Tuesday, November 1st, 2011
Allmansrätten, or literally translated “Every Man’s Right”, is Sweden’s Right of Public Access. And it’s one example why Sweden is better than other countries. It is pretty easy, all it says is: Nature belongs to everyone and you can enjoy it as much as possible.
“You rely on the Right of Public Access whenever you go out in the Swedish countryside – whether it is to take a walk, go kayaking, climb a mountain or just sit down on a rock to think.
The Right of Public Access is a unique institution. It gives us all the freedom to roam the countryside. But we must also take care of nature and wildlife, and we must show consideration for landowners and for other people enjoying the countryside. In other words: Don’t disturb – don’t destroy!” (via naturvardsverket.se)
So, why does it make Sweden a better country? Like mentioned in blog posts before, swedes are nice people. They are friendly and ready to help. And the idea of giving back the nature to the people is … well … natural. When you think about it for a longer time you see that it is quite obvious that all the things out there should be able to be enjoyed by everyone. But Sweden is a special country: 9,415,295 people on an area of 449,964 sqkm (that makes an average of 20.6/sqkm). Germany for example is very different: 81,799,600 people on an area of 357,021 sqkm, makes a population density of 229/sqkm, ten times more people in one square kilometer than in Sweden. That makes it much easier. Sweden has more natural space, in Germany there is rarely a spot not populated. So, natural space must be protected in Germany. And since Germany has many more people, it is much harder to keep them under control.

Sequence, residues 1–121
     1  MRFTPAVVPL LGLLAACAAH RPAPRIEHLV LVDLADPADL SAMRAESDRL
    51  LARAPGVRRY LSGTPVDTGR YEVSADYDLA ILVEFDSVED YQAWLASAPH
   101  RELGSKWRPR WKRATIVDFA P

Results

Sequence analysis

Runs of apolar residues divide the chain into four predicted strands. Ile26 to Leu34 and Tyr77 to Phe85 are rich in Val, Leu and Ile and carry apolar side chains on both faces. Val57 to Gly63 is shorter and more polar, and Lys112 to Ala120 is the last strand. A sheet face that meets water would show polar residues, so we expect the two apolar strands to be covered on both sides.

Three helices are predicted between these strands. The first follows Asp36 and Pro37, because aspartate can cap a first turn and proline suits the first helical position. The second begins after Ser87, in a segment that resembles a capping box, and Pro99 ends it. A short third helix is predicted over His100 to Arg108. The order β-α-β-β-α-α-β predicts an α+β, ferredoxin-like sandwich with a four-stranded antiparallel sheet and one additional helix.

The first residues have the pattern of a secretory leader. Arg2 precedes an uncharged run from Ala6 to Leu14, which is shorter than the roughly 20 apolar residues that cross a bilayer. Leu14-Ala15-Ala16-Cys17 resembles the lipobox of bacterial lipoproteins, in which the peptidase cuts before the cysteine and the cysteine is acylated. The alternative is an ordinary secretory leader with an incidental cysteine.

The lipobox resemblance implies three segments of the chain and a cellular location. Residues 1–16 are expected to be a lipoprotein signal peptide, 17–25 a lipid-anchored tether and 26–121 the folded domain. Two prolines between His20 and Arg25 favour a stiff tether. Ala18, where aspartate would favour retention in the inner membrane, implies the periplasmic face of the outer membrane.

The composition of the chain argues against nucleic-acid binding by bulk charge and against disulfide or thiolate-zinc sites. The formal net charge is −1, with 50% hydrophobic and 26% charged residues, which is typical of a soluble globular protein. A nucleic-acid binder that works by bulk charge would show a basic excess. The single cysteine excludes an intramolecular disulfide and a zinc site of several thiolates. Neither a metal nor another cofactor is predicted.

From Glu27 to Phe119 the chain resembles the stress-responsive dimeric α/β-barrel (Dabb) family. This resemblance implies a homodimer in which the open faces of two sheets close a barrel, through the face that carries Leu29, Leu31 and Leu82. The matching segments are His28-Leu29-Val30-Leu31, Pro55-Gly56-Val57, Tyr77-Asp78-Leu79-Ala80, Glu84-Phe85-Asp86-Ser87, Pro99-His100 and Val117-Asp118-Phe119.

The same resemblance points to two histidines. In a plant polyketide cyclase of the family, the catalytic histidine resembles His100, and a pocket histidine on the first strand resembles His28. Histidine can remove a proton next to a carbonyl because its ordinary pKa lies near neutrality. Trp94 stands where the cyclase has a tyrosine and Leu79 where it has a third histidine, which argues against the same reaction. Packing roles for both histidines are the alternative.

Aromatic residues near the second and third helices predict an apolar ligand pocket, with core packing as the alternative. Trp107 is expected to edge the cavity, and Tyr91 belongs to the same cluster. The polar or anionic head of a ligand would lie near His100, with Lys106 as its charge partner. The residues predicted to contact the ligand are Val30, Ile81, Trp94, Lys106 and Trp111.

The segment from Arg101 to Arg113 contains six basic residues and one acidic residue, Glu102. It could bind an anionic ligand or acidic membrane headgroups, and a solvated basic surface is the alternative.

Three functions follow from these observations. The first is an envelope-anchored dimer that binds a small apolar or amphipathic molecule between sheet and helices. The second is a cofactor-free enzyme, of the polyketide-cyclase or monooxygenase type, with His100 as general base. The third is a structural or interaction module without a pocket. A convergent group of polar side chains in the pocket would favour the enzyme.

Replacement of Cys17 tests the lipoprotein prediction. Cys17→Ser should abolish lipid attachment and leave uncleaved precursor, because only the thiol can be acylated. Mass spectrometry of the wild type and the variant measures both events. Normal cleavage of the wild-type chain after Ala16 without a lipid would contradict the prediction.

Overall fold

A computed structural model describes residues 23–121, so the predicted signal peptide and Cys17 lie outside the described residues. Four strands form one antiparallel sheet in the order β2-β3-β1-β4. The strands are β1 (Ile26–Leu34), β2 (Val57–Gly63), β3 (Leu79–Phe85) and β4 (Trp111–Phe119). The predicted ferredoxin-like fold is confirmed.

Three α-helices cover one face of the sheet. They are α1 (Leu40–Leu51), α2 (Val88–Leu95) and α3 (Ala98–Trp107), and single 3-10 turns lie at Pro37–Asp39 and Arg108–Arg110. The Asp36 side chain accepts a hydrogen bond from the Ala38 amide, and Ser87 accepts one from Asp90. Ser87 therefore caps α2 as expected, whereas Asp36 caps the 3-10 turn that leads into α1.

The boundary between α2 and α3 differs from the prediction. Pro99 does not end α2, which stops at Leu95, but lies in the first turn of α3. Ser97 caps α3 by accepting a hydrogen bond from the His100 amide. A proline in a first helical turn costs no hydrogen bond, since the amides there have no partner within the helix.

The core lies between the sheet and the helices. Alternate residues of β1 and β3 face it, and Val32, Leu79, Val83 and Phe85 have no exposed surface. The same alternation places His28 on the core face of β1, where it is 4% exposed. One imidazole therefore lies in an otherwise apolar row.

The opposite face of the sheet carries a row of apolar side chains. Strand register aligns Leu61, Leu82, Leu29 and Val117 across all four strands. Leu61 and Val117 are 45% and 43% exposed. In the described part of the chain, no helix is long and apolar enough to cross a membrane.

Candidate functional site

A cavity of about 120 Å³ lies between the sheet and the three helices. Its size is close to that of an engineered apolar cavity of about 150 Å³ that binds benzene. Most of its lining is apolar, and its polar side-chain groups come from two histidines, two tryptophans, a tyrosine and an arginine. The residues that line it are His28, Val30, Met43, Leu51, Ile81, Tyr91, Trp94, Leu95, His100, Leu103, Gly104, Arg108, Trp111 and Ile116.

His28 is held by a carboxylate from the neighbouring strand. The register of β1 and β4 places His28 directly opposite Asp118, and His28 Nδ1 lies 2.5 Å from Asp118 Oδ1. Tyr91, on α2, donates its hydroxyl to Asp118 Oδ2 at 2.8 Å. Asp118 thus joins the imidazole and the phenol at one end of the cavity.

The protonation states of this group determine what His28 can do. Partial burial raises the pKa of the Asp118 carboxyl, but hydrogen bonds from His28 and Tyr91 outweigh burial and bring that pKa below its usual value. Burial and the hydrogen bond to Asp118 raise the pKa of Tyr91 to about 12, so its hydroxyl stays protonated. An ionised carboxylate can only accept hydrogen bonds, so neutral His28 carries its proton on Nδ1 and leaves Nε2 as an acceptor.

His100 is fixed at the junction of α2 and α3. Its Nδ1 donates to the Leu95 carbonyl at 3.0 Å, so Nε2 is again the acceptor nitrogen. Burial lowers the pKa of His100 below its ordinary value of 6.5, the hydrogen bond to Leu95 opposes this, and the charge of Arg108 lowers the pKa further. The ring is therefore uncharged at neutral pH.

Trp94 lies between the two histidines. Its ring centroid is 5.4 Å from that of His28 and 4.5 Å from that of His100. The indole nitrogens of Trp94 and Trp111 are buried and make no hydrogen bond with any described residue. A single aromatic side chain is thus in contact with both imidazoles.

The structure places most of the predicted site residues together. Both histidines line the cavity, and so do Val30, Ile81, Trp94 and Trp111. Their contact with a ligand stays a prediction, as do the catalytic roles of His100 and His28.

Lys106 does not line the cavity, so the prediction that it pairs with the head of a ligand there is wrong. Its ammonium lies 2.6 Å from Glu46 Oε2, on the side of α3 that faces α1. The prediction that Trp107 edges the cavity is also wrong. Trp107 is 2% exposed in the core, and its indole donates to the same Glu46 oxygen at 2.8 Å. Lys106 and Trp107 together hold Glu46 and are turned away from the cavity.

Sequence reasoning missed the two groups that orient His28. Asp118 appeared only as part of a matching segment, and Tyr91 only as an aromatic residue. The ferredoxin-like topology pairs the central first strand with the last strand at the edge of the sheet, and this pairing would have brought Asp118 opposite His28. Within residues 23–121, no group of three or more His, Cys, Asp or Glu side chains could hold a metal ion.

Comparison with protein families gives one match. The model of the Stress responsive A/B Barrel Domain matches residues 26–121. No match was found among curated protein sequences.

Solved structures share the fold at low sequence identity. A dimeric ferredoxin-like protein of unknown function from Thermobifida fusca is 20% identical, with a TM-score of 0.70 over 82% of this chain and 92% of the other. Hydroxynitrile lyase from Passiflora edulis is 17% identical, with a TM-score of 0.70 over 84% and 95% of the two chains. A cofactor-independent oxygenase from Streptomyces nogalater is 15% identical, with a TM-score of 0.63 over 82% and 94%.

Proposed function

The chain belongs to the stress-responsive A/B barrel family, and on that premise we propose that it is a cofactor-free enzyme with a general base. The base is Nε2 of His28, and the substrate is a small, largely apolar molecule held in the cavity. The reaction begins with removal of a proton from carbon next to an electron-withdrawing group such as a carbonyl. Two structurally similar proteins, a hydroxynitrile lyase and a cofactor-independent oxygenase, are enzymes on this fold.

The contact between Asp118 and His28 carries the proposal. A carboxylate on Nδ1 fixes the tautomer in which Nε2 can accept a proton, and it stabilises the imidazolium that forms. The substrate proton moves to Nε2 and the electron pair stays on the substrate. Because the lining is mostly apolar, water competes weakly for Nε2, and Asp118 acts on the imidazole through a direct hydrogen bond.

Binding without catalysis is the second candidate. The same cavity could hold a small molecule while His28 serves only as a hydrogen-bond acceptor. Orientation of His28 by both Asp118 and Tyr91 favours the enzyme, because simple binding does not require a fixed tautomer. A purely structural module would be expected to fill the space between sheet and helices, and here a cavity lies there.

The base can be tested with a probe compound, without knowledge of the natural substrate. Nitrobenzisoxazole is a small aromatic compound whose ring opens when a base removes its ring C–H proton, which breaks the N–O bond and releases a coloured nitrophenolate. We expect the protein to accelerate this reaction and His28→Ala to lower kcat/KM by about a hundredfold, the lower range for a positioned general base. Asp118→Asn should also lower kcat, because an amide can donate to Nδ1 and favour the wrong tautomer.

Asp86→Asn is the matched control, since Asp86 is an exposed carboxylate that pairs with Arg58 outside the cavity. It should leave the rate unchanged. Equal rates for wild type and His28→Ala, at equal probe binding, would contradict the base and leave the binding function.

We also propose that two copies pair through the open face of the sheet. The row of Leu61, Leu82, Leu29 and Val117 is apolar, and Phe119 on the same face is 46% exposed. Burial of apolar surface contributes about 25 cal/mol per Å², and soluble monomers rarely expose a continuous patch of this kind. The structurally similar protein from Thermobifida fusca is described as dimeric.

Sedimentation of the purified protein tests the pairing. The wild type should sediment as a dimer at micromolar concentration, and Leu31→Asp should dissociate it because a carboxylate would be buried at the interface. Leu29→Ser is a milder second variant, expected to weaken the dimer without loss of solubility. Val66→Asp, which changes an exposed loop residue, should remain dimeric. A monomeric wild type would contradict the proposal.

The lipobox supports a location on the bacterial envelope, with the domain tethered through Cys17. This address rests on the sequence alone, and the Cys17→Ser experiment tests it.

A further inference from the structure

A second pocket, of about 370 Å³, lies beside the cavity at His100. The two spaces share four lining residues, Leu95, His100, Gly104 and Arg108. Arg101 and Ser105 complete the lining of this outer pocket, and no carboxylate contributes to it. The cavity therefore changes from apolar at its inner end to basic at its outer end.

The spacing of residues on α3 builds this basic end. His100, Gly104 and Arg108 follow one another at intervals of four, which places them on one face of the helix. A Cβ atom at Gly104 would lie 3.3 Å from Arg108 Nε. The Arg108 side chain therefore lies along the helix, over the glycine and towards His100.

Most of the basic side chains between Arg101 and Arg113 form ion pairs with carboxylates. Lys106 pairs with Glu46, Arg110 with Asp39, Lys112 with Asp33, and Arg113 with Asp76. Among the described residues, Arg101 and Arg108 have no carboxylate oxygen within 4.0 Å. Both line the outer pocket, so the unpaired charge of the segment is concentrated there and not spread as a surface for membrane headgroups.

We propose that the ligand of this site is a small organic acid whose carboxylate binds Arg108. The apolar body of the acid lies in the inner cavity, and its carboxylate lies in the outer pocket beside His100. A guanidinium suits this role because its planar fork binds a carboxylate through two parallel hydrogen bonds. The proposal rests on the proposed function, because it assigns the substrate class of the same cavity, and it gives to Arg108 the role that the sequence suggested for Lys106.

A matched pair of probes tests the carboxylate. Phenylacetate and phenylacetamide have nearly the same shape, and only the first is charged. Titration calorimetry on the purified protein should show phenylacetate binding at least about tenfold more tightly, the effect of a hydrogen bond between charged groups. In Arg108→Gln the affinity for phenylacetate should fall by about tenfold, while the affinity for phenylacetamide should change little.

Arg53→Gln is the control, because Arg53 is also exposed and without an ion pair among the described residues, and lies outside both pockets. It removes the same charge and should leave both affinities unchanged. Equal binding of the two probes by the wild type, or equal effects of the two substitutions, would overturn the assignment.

But anyways, the Right of Public Access is something to enjoy in Sweden and last weekend I did. I went with my friend and neighbor Lars to Söderåsen, a national park 45 minutes car drive outside of Lund. The national park covers an area of 1625 ha (to get an understanding of the size, NY’s Central Park covers an area of 349 ha). A beautiful place.
We arrived on Friday evening, put up the tent, enjoyed the camp fire. We enjoyed hot dogs, whiskey and a cup of tea and spent a cold night in the tent. The next morning we had a great breakfast, packed our stuff together, took a little walk through the national park and then went back home.
The cool thing is that there are several camping places within Söderåsen National Park. Within the camping areas you can find camp fire places, pre-cut fire wood, a water pump, toilets, and even some cabins. The cabins are pretty cool, there are beds inside and an oven. And the greatest: it is all free. You can go there, use it all, and go home again. Perfect.
Lars and I talked about it. In the US you would have to pay money fo all of this, for staying there, for using the fire wood… And in Germany it would be prohibited.
Since I can call myself a proud owner of the Heimplanet tent, I will enjoy this much more. But I will wait until the freezing days are over and look forward to the spring.